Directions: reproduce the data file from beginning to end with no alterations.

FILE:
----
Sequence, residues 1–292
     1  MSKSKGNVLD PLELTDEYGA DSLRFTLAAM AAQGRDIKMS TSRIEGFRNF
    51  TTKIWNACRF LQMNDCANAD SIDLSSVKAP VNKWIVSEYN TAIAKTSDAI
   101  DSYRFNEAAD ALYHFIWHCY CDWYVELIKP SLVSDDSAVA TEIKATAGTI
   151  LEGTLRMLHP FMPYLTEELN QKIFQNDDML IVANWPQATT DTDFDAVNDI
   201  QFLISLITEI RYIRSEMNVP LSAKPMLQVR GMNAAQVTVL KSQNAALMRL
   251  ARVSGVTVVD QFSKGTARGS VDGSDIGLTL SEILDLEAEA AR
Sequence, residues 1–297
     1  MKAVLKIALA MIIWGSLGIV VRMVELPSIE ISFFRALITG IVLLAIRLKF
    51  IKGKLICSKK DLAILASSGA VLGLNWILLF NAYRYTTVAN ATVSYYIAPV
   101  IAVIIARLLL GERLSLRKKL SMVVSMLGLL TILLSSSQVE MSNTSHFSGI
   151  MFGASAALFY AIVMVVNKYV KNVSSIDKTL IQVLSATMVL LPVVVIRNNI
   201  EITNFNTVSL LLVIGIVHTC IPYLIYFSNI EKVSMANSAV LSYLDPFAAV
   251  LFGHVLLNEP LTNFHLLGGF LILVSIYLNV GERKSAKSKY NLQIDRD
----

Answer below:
Sequence, residues 1–292
     1  MSKSKGNVLD PLELTDEYGA DSLRFTLAAM AAQGRDIKMS TSRIEGFRNF
    51  TTKIWNACRF LQMNDCANAD SIDLSSVKAP VNKWIVSEYN TAIAKTSDAI
   101  DSYRFNEAAD ALYHFIWHCY CDWYVELIKP SLVSDDSAVA TEIKATAGTI
   151  LEGTLRMLHP FMPYLTEELN QKIFQNDDML IVANWPQATT DTDFDAVNDI
   201  QFLISLITEI RYIRSEMNVP LSAKPMLQVR GMNAAQVTVL KSQNAALMRL
   251  ARVSGVTVVD QFSKGTARGS VDGSDIGLTL SEILDLEAEA AR
Sequence, residues 1–297
     1  MKAVLKIALA MIIWGSLGIV VRMVELPSIE ISFFRALITG IVLLAIRLKF
    51  IKGKLICSKK DLAILASSGA VLGLNWILLF NAYRYTTVAN ATVSYYIAPV
   101  IAVIIARLLL GERLSLRKKL SMVVSMLGLL TILLSSSQVE MSNTSHFSGI
   151  MFGASAALFY AIVMVVNKYV KNVSSIDKTL IQVLSATMVL LPVVVIRNNI
   201  EITNFNTVSL LLVIGIVHTC IPYLIYFSNI EKVSMANSAV LSYLDPFAAV
   251  LFGHVLLNEP LTNFHLLGGF LILVSIYLNV GERKSAKSKY NLQIDRD